# Prime number problem, pure maths, explain this solution

1. May 8, 2007

### smiddy

1. The problem statement, all variables and given/known data

Prove that for every k >= 2 there exists a number with precisely k divisors.

I know the solution, but don't fully understand it, here it is;

Consider any prime p. Let n = p^(k-1). An integer divides n if and only if it has the form p^i where 0<= i <= (k-1). There are k choices for i, therefore n has exactly k divisors.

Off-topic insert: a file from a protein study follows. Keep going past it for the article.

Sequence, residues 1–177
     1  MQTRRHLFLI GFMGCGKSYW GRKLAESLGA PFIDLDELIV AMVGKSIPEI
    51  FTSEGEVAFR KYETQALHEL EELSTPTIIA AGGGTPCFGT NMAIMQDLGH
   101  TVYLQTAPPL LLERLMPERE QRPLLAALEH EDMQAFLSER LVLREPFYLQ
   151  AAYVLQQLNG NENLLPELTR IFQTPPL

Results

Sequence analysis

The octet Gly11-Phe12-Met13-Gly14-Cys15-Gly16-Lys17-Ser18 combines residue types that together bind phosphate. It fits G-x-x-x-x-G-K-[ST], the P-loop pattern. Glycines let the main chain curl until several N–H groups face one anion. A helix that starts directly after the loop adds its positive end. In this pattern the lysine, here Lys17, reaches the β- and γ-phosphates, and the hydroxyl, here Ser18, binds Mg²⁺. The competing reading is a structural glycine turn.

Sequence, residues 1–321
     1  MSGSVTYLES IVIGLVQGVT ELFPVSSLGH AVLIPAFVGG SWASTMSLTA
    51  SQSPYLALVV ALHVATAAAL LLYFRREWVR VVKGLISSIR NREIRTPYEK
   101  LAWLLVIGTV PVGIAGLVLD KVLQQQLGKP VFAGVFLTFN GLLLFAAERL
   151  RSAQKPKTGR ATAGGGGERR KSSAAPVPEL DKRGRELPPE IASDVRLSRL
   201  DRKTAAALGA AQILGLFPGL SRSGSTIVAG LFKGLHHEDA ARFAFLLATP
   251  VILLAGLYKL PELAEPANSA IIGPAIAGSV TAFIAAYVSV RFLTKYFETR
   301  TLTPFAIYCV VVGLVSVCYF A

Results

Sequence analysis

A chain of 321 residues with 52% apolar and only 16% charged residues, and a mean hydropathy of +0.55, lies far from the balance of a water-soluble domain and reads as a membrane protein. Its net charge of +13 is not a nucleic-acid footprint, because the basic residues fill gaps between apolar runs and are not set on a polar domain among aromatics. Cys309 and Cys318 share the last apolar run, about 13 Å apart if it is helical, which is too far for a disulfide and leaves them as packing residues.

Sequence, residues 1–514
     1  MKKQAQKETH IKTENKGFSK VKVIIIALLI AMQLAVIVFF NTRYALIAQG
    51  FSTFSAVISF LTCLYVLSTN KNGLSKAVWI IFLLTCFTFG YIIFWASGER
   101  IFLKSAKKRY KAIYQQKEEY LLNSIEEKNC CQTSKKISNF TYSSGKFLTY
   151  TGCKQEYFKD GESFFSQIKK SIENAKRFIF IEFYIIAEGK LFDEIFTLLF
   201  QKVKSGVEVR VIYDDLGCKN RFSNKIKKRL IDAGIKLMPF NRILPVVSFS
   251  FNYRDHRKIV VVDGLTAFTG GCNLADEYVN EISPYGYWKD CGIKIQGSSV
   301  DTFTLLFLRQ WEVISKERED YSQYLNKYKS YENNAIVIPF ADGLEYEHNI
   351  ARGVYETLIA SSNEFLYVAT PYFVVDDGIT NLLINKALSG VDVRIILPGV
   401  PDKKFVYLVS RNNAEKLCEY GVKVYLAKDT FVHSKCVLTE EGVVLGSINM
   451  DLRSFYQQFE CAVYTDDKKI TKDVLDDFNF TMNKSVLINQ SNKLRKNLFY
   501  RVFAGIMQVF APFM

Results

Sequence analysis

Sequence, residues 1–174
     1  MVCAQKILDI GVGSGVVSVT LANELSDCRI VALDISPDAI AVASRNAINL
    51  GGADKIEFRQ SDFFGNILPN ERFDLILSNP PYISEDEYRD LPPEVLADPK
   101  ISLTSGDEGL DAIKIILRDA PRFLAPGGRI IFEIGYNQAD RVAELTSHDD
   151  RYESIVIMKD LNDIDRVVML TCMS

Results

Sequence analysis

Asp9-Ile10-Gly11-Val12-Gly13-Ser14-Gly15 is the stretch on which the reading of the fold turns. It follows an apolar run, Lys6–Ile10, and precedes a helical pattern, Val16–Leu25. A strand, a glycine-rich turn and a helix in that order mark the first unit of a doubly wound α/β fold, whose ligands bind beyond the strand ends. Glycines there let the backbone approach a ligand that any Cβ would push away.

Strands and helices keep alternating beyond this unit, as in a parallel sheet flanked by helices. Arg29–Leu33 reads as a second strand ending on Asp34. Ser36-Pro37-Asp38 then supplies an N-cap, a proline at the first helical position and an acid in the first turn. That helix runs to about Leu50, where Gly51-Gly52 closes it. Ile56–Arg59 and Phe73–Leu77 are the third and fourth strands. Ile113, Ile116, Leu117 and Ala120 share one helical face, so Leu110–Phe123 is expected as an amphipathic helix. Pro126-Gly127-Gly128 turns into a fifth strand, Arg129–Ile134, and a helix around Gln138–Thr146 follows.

Could someone fully explain the thought process involved in finding the solution, I understand p^i etc, just don't know where p^(k-1) comes from.

2. May 8, 2007

### Office_Shredder

Staff Emeritus
If you understood the though process, you'd know where $$p^{k-1}$$ came from. Given the problem, one can decide to be clever and take a prime, say p. Then if we look at

1,p,p2,...pk-1

Then 1, p, p2, .... ,pk-1 all divide pk-1, and no other numbers do. Hence, we found a number with exactly k divisors